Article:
Vote in committee, 2nd reading  
2004/0209(COD) - 05/11/2008  

The Committee on Employment and Social Affairs adopted a recommendation for the second reading in a report drafted by Alejandro CERCAS (PES, ES) amending the Council’s common position on a directive of the European Parliament and of the Council amending Directive 2003/88/EC concerning certain aspects of the organisation of working time.

The main amendments adopted are as follows:

On-call time: according to MEPs, all on-call time, including the inactive part of it, should be considered as working time. However, inactive parts of on-call time may, by collective agreements or other agreements between the two sides of industry or by means of laws or regulations, be calculated in a specific manner in order to comply with the maximum weekly average working time laid down in Article 6 of the common position, subject to compliance with the general principles relating to the protection of the safety and health of workers.

Calculation of working time: in order to protect workers’ health, MEPs consider that working time should be calculated per person and not per contract.  as people may have more than one contract. Thus, where a worker has more than one contract of work, measures be taken to ensure that the worker's working time is defined as the sum of the periods of time worked under each of the contracts.

Reconciliation of work and family life: the Member States should ensure, in consultation with the social partners:

  • that employers inform workers well in advance of any change in the pattern of working time, and - workers have the right to request changes to their hours and patterns of work, and
  • that employers have the obligation to consider such requests fairly, having regard to the flexibility needs of employers and employees. An employer may refuse such a request only if the organisational disadvantages for the employer are disproportionately greater than the benefit to the worker.

Derogations: derogations to the directive should be limited to safeguard its health and safety principles, which should apply regardless of the position of the persons concerned. Members also insist that compensatory rest periods follow work periods, as laid down by the Court of Justice.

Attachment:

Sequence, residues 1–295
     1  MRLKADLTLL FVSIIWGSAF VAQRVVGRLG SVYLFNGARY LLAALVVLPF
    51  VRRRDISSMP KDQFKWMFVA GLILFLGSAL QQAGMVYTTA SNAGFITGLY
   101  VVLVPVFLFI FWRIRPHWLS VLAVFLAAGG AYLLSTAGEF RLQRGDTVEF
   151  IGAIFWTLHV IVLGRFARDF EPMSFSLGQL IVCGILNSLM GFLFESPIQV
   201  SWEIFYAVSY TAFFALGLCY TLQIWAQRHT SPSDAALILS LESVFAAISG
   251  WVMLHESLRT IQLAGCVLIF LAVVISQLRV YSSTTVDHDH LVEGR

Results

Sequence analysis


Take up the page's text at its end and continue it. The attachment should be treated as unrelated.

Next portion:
Limitations on derogations to the reference periods: according to the common position, the Member States have the option, while respecting the general principles of the protection of the health and safety of workers, to allow that, for objective or technical reasons or reasons relating to the organisation of work, the reference period should be extended to a period not exceeding twelve months. The MEPs specify that this may only be agreed by legislative or regulatory provision, following consultation of the social partners at the appropriate level, in cases where workers are not covered by collective agreements or other agreements between the two sides of industry, provided that the Member State concerned takes the necessary measures to ensure that:

  • the employer informs and consults with workers and/or their representatives about the introduction of the proposed working time pattern and alterations thereto;
  • the employer takes the necessary measures to prevent and/or remedy any health and safety risks that may be related to the proposed working time pattern.

Maximum weekly working time (Article 6): Members propose that the Member States can decide not to apply Article 6 during a transitional period ending 36 months after the entry into force of the directive, provided that they take the necessary measures to ensure the effective protection of the safety and health of workers.

Opt-out: according to the common position, the limit for workers who have opted out would be 60 hours (an average calculated over a three-month period) unless otherwise provided for in a collective agreement or an agreement between the social partners, or 65 hours, calculated as an average over a period of three months, in the absence of a collective agreement and when the inactive part of on-call time is regarded as working time. Members consider that a 60- or 65-hour working week is too long and, for this reason, deleted this provision.